Defending The Public School Advantage

April 25, 2014
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Christopher A. Lubienski and Sarah Theule Lubienski’s The Public School Advantage: Why Public Schools Outperform Private Schools takes on a daunting task: disputing the assertion that markets can solve our social problems, as evidenced by performances of private, voucher-based, and charter schools.

Since the first charter school was established in Minnesota, in 1992, and in the wake of No Child Left Behind, the fact of public agencies endowing private and semi-private educational institutions has remained controversial, as funding for capital improvements in our public schools (especially those in inner cities) continues to drop.

The case made by the Lubienskis is simple: drawing on two recent, large-scale, and nationally representative databases, they show that any benefit seen in private school performance now is more than explained by demographics. Private schools perform better because their students come from backgrounds of privilege, and are able to access support at many levels unfathomable for their public school counterparts. Despite this, as the Lubienskis demonstrate, gains in student achievement at public schools are at least as great and often greater than those at private ones.

In response to a recent piece published by Education Next, Chris Lubienski defended the arguments made in the book, and we excerpt a portion of his response, directed at claims of bias with regard to achievement tests and datasets, below:

The main shortcoming of Wolf and the bloggers’ efforts to refute our findings is that, for evidence, they simply point to evaluations of voucher programs, usually ones that they have conducted. As we have noted before, even if we accept the validity of their studies, these evaluations of local voucher programs simply do not address the issue at hand — the larger question of achievement in different types of schools. They are purporting to measure the impact of vouchers in what are actually small, non-representative samples of public and private schools. We are drawing from large, nationally representative datasets. Their studies are actually program evaluations in local contexts, and do not address the larger question of the relative effectiveness of U.S. public and private schools, despite what they claim. Wolf studies the effects of vouchers on students who are attempting to leave a specific public school for a private school that appears more desirable on some measure, whether it be peer demographics, instructional quality, or the use of uniforms. One cannot generalize to all public and private schools from such studies. Thus, it is simply silly to claim — as does a blog post from the libertarian Cato Institute — that “private schools beat public schools” based on those studies, especially when they provide absolutely no evidence that this is generally true. . . .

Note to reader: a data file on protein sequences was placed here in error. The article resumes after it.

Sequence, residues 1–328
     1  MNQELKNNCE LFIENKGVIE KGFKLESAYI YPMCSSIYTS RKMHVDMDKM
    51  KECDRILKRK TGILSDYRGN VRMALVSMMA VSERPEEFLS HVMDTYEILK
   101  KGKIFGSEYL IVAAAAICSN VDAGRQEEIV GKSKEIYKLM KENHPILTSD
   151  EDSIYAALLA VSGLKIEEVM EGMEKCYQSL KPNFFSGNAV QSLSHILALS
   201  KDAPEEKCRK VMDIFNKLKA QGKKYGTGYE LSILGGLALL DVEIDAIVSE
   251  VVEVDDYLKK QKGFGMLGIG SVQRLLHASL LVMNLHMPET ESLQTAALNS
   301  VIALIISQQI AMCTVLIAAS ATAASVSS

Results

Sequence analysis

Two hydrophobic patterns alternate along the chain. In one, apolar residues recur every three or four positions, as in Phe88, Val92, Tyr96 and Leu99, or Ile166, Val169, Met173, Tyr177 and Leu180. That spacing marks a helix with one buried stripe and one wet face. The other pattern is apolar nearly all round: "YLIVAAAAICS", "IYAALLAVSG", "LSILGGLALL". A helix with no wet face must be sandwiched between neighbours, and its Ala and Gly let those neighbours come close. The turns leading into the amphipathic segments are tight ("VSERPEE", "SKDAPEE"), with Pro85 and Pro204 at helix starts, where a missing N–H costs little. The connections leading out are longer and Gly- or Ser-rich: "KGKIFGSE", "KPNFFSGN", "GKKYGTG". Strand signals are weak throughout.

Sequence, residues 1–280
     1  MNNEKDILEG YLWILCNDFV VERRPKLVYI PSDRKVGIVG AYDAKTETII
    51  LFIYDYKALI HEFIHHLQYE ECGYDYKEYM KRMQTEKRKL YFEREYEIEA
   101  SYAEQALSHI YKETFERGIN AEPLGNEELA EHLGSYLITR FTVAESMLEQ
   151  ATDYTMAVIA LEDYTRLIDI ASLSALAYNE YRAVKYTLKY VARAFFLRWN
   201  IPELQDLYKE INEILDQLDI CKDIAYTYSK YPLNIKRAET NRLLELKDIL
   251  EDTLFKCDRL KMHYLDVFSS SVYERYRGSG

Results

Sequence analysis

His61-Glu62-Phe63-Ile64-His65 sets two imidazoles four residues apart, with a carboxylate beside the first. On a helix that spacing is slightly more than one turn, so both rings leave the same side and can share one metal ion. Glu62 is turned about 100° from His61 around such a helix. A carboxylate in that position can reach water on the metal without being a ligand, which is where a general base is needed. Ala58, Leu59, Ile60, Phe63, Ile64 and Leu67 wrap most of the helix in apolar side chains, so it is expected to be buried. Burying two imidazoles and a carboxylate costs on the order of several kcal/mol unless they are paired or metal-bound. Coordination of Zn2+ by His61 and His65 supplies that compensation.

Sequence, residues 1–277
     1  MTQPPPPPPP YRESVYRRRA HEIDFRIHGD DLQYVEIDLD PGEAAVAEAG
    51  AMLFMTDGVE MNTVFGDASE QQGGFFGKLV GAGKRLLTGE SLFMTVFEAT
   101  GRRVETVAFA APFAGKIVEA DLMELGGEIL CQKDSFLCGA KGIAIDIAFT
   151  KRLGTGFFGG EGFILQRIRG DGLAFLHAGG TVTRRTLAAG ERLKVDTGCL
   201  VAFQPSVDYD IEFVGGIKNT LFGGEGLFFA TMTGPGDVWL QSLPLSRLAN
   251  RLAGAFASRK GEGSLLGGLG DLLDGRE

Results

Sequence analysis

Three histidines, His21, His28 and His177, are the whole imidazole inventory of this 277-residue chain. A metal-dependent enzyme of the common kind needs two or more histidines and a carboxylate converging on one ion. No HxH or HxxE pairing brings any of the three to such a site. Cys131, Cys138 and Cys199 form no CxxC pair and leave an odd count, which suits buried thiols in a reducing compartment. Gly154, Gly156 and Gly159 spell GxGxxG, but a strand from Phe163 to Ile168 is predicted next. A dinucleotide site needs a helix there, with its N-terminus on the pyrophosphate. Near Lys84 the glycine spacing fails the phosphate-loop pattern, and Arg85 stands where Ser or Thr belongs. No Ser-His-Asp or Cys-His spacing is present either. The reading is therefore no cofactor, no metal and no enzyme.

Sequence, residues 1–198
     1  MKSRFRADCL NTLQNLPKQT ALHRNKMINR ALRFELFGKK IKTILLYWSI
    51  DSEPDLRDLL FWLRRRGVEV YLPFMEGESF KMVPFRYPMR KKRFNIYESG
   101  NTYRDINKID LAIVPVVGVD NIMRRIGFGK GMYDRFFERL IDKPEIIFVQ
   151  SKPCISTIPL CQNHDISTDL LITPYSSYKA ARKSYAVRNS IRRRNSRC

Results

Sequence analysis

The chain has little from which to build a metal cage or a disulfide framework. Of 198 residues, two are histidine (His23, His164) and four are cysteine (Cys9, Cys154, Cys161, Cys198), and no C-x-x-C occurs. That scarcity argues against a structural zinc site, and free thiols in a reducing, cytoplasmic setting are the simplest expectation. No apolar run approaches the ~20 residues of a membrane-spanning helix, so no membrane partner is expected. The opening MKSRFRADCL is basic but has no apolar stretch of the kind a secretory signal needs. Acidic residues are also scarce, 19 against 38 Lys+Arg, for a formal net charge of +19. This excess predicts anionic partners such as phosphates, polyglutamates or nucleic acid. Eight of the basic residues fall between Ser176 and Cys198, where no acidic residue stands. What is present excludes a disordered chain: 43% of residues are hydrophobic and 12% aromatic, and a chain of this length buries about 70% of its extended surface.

Where Wolf really misses the mark is in his concern that we use “tests that align more closely with public school than with private school curricula.” This claim almost comes across as a suggestion of some kind of conspiracy on our part to use only measures that arrive at a particular finding. Yet these NAEP and ECLS-K tests have been used by Wolf and his colleagues with no such prior complaint. Indeed, these are federal datasets whose construction and administration is overseen by bi-partisan panels of experts, including professionals in testing and assessment, curriculum and learning, US Governors, state superintendents, teachers, businesspeople, and parents, as well as representation from the private school sector. One school choice advocate (at that time) called NAEP the “gold standard” because “the federal program tries to align its performance standards with international education standards.” These tests are constructed by experts to measure the most important content for students in today’s world, not to align with curriculum in one type of school or another.
Nevertheless, Wolf’s criticism that public schools are doing a better job in the areas measured by these tests misses the fact that this is not a weakness of our study but instead one of our major findings: that private schools are less willing to adopt current curricular standards and more likely to employ unqualified teachers who use dated instructional practices. And, as the data show, students in private schools are more likely to sit in rows, do worksheets, and see math as memorization. These factors point to the dangers of deregulation and autonomy that people like Wolf champion. As we discuss in the book, this reflects the fact that public schools have more often embraced reform models based on professional understandings of how children most effectively learn mathematics rather than the market models in many private schools that endorse many parents’ preferences for back-to-basics, and outdated methods of teaching mathematics. Wolf’s criticism is akin to saying that scores are not a good measure of football teams because, now that the sport has evolved away from the traditional 3-yards-and-a-cloud-of-dust-based ground game, teams that have a good passing game score more often.

To read Lubienski’s response in full, click here.

To read more about The Public School Advantage, click here.

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